Robredo to critics online: ‘It’s now time to be supportive’

Patty Pasion
Robredo to critics online: ‘It’s now time to be supportive’
'This should be a time when everyone should be supportive already of the administration. Supportive but engaged; supportive but critical,' the Vice President says

MANILA, Philippines – While social media was an effective campaign platform for candidates, it also led to divisiveness during the last elections.

“If you just looked at social media during the elections, it appeared like there was so much hatred in the hearts of the Filipinos. So many people were fighting online,” Vice President Leni Robredo told Rappler in an exclusive interview.

It’s a good thing for people to be engaged, but remaining “on election mode” and not moving forward may not necessarily be a good thing.

Breaking her silence on online critics, she said: “This should be a time when everyone should be supportive already of the administration. Supportive but engaged; supportive but critical. But it seems as if there’s so much divisiveness still. I hope that it will evolve into something more constructive already.”

Emerging victorious from a hotly contested match, Robredo has been at the receiving end of harsh criticism from netizens who believe former Senator Ferdinand “Bongbong” Marcos Jr won over her. 

Robredo won against Marcos by more than 200,000 votes but he accuses her of cheating. The defeated son and namesake of the late president Ferdinand Marcos filed an election protest before the Supreme Court.

Limited energy, limited time

What does she do to respond to these criticisms? Robredo said she simply focuses on her job.

COMMUNITY VISIT. Vice President Leni Robredo treks to a village in Camarines Sur on Saturday, July 23. Photo from the Office of the Vice President

“I have limited time, limited energy to engage in these things so most of my energies now are devoted to how I want the Office of the Vice President to become in the next 6 years,” she said.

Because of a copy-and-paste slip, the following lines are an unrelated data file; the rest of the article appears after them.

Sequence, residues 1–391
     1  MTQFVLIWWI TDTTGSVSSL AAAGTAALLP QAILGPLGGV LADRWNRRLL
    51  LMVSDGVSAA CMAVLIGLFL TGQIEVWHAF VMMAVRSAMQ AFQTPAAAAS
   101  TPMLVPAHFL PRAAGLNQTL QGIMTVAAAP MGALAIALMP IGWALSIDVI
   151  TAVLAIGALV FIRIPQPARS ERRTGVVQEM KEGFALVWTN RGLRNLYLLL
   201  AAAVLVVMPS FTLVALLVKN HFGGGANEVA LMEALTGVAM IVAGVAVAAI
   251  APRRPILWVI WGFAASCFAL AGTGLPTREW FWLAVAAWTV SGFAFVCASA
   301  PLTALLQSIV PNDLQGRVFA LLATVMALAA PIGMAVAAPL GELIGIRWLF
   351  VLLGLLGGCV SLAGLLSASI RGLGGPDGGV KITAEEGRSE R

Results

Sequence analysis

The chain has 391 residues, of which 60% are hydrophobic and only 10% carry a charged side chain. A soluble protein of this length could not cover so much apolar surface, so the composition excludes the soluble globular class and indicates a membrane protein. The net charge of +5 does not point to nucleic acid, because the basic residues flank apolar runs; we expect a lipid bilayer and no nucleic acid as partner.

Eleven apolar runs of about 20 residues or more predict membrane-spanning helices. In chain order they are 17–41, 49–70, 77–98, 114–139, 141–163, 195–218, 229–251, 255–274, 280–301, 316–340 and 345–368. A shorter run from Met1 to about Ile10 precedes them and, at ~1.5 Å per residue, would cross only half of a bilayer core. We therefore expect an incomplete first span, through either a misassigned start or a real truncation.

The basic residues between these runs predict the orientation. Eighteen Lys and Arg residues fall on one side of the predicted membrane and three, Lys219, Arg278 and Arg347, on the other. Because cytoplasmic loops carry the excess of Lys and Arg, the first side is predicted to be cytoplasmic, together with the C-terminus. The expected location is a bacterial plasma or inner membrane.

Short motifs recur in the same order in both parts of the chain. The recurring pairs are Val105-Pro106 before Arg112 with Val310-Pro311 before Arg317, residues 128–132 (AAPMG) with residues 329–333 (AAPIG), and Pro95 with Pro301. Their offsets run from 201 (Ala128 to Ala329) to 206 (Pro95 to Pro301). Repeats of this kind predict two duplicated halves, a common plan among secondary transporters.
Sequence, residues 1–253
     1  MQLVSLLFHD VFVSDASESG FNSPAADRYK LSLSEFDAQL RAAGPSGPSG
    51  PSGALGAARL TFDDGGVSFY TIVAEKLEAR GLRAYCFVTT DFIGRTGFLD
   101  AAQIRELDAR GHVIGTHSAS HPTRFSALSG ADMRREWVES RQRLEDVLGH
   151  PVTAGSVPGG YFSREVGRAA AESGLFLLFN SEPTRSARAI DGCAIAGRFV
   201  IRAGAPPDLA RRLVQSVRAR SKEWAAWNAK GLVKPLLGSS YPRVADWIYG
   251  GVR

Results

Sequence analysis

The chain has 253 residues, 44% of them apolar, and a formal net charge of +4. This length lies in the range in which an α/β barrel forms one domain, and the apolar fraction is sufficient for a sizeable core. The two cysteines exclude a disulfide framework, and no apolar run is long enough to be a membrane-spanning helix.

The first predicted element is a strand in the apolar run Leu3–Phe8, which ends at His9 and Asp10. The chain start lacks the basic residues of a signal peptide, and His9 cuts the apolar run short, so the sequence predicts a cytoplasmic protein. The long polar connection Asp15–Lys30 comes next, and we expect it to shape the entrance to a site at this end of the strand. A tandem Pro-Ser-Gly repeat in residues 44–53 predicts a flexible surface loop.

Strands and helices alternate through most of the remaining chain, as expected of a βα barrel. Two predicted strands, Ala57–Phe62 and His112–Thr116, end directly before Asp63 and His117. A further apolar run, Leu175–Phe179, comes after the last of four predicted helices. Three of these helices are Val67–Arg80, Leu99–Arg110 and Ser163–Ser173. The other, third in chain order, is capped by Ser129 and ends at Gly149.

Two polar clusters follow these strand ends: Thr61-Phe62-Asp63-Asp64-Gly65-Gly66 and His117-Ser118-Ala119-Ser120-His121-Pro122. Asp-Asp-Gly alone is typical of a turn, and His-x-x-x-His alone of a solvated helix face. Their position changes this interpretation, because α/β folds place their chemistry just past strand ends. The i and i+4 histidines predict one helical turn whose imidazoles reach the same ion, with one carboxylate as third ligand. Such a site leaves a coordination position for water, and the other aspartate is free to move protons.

For her, it is much better to spend all her energy on “positive things you can work on” because serving as the country’s second top official for 6 years is not enough to effect the change she has promised.

 “It’s always good to take higher ground when dealing with these things because we don’t have that much energy to engage with anger, with hatred.”

Aside from her portfolio as chief of the Housing and Urban Development Coordinating Council, Robredo is also working with non-governmental organizations and other stakeholders to address the issues she wants to focus on: food security, rural development, public health care, education, and empowerment. (READ: Robredo: ‘I’m now in a position to make dreams happen’)

Robredo has met with potential partners for her projects in her first month in office. She has also devoted time visiting marginalized communities both in the urban and rural areas during the weekends of July.

“I think it will get better once we’ve been able to lay down everything. We’re very hopeful that even if 6 years is a short time, we’ll be able to accomplish so much in 6 years,” she said. – 







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Patty Pasion

Patty leads the Rappler+ membership program. She used to be a Rappler multimedia reporter who covered politics, labor, and development issues of vulnerable sectors.